What irks more is the inconsistency of the game's systems, which have had to be seriously bastardised in order to toe the line between playability and making narrative sense. You see, you're a ghost, so obviously you're immaterial. This, theoretically at least, means the ability to move through walls.
But that would break the game completely, so you can only move through some walls - specifically, the internal walls of buildings that you've already gone in to via an open door or window. the reason you can't enter the structures themselves in this manner?
Because, this being witch-paranoid Salem, the buildings have been consecrated to keep evil spirits at bay. Duh. You can also possess pretty much everyone you see. Sounds cool, right? Well yes, until you realise that your only ability within 95% of the population is to hear a throwaway snippet of their internal dialogue. Some you can 'peek' through their eyes to gain info, and others respond to the 'influence' command.
Why only a small handful, though? Just because, and that's enough of your questions. Add to this irritating and unnecessary 'action' sections where you have to escape from demons prowling certain areas, and you have a combination of elements that successfully tear you away from the world around you and the case you're trying to solve.
Things get so 'gamey' so often that there's no chance for meaningful immersion, and as such it's hard to care as much as soul suspect wants you to.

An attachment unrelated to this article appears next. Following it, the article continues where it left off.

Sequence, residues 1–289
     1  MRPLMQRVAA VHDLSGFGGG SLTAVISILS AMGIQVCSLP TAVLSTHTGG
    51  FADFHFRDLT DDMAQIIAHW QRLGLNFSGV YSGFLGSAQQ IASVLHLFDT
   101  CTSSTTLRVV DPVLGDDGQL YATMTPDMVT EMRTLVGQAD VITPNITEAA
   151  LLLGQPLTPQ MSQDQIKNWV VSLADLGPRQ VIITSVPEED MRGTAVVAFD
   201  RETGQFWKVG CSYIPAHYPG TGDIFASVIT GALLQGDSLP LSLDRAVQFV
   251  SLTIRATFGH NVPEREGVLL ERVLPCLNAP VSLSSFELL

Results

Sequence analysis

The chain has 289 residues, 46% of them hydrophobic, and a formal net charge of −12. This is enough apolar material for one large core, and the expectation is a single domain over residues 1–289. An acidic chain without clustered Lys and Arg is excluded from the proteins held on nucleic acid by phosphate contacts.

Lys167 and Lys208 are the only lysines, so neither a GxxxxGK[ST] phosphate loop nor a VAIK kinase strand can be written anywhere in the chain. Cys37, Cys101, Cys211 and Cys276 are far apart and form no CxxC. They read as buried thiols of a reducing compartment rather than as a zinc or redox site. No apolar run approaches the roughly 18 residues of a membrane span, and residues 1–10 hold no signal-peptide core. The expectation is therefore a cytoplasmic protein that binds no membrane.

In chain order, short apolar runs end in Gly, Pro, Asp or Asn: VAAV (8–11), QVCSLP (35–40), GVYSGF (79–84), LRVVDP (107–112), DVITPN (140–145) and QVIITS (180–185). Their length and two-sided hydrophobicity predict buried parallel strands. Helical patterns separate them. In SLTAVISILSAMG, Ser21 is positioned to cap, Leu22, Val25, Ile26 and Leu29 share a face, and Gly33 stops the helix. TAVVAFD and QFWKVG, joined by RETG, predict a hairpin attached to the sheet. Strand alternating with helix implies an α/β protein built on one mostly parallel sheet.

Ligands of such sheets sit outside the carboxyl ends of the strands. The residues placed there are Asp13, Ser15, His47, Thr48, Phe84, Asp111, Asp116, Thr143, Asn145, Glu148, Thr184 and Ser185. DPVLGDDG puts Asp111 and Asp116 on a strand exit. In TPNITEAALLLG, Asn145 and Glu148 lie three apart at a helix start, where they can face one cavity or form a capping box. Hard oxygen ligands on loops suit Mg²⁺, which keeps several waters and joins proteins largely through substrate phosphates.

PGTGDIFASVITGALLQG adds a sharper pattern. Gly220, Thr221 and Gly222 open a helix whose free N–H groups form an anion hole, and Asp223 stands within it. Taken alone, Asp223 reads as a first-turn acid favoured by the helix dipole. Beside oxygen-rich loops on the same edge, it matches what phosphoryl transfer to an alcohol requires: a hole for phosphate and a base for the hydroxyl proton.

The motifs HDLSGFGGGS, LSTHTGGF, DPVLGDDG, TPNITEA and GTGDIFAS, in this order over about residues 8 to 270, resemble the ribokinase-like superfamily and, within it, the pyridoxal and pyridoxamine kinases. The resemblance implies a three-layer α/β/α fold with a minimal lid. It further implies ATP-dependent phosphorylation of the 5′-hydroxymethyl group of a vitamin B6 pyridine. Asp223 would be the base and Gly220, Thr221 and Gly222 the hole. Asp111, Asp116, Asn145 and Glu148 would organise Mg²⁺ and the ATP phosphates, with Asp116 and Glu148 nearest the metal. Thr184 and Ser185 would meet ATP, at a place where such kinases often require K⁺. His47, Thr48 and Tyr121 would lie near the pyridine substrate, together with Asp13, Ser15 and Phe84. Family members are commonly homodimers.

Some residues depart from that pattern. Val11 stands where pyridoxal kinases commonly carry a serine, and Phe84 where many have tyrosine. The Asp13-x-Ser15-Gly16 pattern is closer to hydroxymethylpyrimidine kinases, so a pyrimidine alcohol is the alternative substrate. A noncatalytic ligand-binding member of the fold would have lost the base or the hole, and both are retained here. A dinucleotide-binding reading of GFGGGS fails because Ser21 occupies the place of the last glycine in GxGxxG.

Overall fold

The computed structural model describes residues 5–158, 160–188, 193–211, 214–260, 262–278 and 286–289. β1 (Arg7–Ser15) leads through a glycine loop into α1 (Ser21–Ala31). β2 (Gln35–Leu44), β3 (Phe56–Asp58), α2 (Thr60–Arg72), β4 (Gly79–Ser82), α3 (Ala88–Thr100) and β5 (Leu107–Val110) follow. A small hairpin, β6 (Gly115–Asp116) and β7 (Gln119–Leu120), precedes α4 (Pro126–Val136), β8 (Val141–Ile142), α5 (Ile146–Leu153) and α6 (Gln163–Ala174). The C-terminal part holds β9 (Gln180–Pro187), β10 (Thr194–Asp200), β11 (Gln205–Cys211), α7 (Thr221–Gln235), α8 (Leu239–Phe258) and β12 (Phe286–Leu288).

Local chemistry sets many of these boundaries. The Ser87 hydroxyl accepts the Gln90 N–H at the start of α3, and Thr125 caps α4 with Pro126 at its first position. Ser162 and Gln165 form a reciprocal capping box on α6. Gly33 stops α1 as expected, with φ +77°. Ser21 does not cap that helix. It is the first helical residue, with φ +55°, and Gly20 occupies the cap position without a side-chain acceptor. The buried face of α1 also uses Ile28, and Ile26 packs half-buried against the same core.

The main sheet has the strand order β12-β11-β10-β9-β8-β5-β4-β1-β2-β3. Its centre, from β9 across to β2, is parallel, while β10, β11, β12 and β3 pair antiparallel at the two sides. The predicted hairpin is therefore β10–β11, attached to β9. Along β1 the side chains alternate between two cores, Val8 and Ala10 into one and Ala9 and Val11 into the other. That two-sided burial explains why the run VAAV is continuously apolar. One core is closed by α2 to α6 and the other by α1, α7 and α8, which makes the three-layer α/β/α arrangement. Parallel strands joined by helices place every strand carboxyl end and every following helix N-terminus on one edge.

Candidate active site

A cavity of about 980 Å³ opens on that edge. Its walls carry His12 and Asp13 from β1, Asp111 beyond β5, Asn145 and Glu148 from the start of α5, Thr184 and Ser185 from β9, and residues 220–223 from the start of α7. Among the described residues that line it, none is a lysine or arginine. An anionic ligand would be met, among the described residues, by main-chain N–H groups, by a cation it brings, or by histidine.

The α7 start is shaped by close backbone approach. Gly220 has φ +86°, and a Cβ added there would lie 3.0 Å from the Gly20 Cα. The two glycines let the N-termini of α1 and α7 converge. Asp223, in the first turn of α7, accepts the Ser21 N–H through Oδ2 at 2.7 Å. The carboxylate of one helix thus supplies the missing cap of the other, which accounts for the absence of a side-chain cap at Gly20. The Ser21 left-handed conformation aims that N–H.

And although the game's semi-open Salem is fairly limited in scope, one thing Murdered does manage to do is convey a sense of place. Mostly this is simply done via myriad collectibles, but these do present the town's history and imbue it with a creepy atmosphere. Some of the incidental details and ghost stories that you can uncover are also deeply unpleasant, but in a way that chimes with the game's ethos and enhances your enjoyment of the events playing out.
Even going after all of the trinkets and doing all the side-missions, Murdered won't last you more than around eight hours - but that's not remotely its main problem. The issue is that its core mechanic doesn't work nearly well enough (or, to be frank, at all), and the narrative isn't able to pick up the slack.
This is a detective game in which the detecting lacks any meaningful sense of engagement or reward (or punishment for failure, which is equally important), and the gaming is let down by too many inconsistent and frustrating systems.
There's space in this genre to be sure - only LA Noire has come close to presenting an engaging, police-based, modern point-and-click adventure - but any new contenders need to pay far more attention to the actual police work underpinning them. Without doing so the conclusion we'll keep deducing is that crime may not pay, but it sure is tedious to bring to justice.
Frustrating and unrewarding crime solving surrounded by inconsistent gameplay systems.
- Salem's witchy history is interesting and well explored.
- The police work is either overly simple or frustratingly illogical.
- A story which promises a decent amount, but falls away badly.